Tuesday, February 3, 2009

Creamy Scallop Soup

This soup is not your everyday soup. It takes too much time and too many premium ingredients for that. But it's the perfect thing for a dinner party or special occasion. All the work and effort you put into it is worth the time it takes to concoct this gorgeous, sophisticated soup. The base is silky, creamy, and rich, and yet has a slight tang from the lemon, and a hint of nuttiness from the crème fraîche. And let's not forget the jewels of tender, succulent scallops that are swimming lazily in the broth. The recipe doesn't make much, but it's enough to serve 4. Why? Because something this rich and satisfying doesn't need more than a small bowl. More, in my opinion, lessens the experience; tips it over to the side of being too much. Serve it in small bowls, so each drop can be savored, as it should.

The soup begins with a white fish stock. Where does one obtain the fish heads/bones/frames necessary for the stock? Call a local fish market, or even a regular grocer, and see if they'll reserve you a pound or two of it. They'd likely discard it anyway, so might even give it to you for free (or would charge a nominal fee). I got mine from Whole Foods. I called them the morning I was going to make the stock to have them reserve heads/frames from white fish for me. They charged me $0.99/lb.

Next comes the crème fraîche, the French version of sour cream. But, to no one's surprise, it's better than the usual sour cream. Why? Because crème fraîche has a nutty flavor that imparts itself to the final soup -- so I'd recommend you use the real thing. You can buy a small tub of it (just enough for this soup, actually) made by Bellwether Farms for $2.99 from Trader Joe's. If you can't find it, you could probably subsitute sour cream or whole milk yogurt, but it won't be the same. Alternatively, you could try making an imitation. Do this by adding a tablespoon of buttermilk to a cup of whipping cream, then heating it gently to 110°F (45°C). Let the good bacteria culture grow in a warm place (think rising dough), keeping it there from 8 hours to a couple of days, until it's thick. Once it's the right consistency, transfer it to a small container and store it in the fridge. It'll thicken some more while in there, and will be good for about three weeks. But the truth is, it's a poor substitute. If you can get real crème fraîche, you should definitely splurge.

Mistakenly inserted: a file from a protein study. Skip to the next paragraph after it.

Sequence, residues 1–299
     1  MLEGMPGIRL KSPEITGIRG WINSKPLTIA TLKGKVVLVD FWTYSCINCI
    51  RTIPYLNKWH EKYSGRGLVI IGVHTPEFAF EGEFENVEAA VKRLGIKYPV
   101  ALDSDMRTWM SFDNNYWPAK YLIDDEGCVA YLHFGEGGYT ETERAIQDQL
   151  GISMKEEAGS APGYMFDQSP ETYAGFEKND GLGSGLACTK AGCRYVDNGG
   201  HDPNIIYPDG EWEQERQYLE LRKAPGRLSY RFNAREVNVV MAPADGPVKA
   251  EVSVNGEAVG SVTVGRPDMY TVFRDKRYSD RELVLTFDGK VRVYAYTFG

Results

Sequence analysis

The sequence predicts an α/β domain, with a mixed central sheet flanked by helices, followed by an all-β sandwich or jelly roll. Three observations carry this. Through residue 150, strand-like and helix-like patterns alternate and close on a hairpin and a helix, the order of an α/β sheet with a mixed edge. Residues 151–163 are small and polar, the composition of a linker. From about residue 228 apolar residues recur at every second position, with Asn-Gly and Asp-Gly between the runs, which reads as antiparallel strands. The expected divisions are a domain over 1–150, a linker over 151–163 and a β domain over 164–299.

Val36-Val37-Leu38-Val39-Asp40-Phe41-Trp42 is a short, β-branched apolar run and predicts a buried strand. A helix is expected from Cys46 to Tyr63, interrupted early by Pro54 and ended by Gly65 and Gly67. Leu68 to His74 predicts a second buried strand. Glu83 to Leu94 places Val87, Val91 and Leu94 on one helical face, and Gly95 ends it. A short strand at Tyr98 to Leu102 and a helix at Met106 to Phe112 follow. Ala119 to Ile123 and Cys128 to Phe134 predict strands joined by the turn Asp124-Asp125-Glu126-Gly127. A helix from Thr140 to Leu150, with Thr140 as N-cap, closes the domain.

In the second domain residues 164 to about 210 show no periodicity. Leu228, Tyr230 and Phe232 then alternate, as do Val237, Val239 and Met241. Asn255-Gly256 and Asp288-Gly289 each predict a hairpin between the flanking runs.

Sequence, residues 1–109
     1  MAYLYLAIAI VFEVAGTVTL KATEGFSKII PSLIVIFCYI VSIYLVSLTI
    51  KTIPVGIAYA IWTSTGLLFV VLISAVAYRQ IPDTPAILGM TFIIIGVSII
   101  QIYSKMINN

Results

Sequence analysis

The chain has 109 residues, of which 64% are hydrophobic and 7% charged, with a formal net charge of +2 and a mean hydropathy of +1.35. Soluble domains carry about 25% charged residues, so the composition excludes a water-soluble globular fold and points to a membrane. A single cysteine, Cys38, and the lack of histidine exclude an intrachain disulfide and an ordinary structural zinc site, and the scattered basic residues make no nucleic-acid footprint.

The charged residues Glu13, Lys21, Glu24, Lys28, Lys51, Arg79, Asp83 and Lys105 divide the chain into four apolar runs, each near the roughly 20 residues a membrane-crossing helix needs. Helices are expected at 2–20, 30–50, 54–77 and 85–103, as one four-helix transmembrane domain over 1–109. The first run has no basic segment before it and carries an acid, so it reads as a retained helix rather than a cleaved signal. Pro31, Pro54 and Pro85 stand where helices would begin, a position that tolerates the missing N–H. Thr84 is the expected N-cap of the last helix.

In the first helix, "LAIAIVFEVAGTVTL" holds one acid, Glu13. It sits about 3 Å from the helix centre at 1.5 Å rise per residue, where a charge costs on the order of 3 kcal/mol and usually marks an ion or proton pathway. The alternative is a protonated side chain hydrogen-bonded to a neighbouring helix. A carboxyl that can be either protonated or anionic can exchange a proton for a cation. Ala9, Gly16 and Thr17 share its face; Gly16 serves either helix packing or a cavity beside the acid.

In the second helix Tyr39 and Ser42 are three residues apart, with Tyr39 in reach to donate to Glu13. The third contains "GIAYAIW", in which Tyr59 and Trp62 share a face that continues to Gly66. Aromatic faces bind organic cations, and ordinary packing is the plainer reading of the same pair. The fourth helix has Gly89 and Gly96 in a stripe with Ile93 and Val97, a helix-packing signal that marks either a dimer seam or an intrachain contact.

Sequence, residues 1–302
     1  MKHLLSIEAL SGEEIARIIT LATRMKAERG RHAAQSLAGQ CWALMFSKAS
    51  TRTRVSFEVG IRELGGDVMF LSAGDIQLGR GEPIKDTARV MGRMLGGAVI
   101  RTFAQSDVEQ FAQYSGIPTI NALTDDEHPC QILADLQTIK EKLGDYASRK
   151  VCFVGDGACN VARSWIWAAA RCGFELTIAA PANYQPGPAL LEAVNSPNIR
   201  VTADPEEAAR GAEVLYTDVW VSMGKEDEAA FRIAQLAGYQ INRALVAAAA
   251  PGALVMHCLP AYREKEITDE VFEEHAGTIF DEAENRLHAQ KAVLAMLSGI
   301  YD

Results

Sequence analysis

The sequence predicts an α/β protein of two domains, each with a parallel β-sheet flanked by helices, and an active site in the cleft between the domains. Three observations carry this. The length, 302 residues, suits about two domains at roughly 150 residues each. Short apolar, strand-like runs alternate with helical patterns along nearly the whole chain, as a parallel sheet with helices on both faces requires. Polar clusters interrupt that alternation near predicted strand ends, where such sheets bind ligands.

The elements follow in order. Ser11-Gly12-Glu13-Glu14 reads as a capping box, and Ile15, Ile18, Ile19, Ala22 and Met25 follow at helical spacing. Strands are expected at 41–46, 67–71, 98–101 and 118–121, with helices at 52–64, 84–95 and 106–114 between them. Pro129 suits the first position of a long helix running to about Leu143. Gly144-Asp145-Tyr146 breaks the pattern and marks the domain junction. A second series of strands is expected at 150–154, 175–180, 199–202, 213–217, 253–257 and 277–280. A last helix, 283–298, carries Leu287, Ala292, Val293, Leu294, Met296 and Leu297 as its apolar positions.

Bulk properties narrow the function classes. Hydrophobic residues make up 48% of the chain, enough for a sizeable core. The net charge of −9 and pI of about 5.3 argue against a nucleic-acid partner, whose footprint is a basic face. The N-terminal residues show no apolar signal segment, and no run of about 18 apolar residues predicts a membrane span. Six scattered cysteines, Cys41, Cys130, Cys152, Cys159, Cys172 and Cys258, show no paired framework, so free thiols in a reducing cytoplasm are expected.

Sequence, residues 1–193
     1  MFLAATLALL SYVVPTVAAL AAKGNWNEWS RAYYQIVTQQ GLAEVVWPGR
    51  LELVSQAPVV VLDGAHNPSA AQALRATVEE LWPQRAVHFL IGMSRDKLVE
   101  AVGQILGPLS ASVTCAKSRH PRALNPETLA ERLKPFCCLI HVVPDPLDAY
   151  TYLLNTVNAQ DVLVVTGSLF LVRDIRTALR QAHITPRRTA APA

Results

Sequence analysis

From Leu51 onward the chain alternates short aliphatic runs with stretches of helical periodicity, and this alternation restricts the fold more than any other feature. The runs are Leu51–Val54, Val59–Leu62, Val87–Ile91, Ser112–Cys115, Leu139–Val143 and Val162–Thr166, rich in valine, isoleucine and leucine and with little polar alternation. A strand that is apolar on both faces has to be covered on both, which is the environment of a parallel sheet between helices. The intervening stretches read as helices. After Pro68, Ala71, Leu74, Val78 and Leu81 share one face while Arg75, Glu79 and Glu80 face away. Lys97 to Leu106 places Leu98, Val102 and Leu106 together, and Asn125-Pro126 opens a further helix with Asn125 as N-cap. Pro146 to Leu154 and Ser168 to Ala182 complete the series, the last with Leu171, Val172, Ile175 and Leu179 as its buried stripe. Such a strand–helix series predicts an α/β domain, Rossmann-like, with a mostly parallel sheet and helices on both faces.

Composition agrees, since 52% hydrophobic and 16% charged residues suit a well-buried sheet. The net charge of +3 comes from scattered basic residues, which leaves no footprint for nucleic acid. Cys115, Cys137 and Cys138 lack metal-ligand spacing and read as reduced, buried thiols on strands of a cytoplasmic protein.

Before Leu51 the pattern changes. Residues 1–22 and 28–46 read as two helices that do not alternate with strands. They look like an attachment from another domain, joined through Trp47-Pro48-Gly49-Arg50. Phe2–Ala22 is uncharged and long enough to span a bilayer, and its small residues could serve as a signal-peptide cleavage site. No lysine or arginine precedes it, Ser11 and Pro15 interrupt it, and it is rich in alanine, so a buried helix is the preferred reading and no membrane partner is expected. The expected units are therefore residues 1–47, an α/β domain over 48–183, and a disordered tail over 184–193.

The recipe calls for whole sea scallops, which are then quartered. I've made this soup twice now, once using whole sea scallops and once using bay scallops. I liked the flavor of the sea scallops more, but bay scallops, with their pleasing whole-mini-scallops look, make for a nicer presentation. Which you use should be determined by which aspect is more important, depending on the occasion for which you're making the soup. A 1-lb bag of frozen bay scallops can be had at Whole Foods for $6.99; a 1-lb bag of frozen, wild sea scallops can be had at Trader Joe's for $10.99; and a 1-lb tub of fresh, wild sea scallops can be had at 99 Ranch for $9.99.

Creamy Scallop Soup

This recipe is originally from Orangette, who calls it "Cream of Scallop Soup," per the Gourmet recipe she got it from. However that makes me think the scallops have somehow been pureed into the soup, which is not the case, so I like my name better.

  • ¾ lb. sea scallops, tough ligament removed from side of each if attached
  • salt, to taste
  • 1 cup white fish stock
  • ½ cup dry white wine
  • 1 small shallot, chopped
  • 1 thyme sprig
  • 7.5oz (213g) crème fraîche (about ¾ cup)
  • 2 large egg yolks
  • ¼ tsp. black pepper
  • 2 tbsp. finely chopped chives


  1. Rinse the scallops, and then pat them dry. Quarter them, and season them with 1/8 tsp. salt.
  2. In a heavy medium saucepan, combine the stock, wine, shallot, thyme, and ½ tsp. salt. Bring to a boil over medium-high heat, cover, and boil for 5 minutes. Strain through a fine-mesh sieve into a bowl, pressing on the solids before discarding them. Return the liquid to the saucepan. Bring it to a boil, then stir in the scallops and simmer, covered, stirring occasionally, until the scallops are just cooked through, about 2 minutes. (Do not overcook. If anything, leave them rare; they will continue to cook after you remove them from the heat.) Remove the scallops with a slotted spoon, and keep them warm, covered. Reserve the cooking liquid in the saucepan.
  3. Meanwhile, put the crème fraîche in a small saucepan, and bring it to a simmer over medium-low to medium heat. Simmer until it reduces slightly, about 3 minutes. Add it to the cooking liquid in the medium saucepan, stir well, and simmer together for another 3 minutes.
  4. In a small bowl, whisk together the egg yolks, ¼ cup of the crème fraîche-cooking liquid mixture, and pepper. Add half of the remaining crème fraîche mixture to the yolk mixture in a slow stream, whisking constantly. Then pour it all back into the medium saucepan, whisking. Cook over very low heat, whisking, until just slightly thickened, about 1 minute. Do not boil. Remove from the heat, taste for seasoning, and salt as needed.
  5. Divide the scallops among 4 small soup bowls, and then ladle the soup on top. Sprinkle with chives. Serve immediately.

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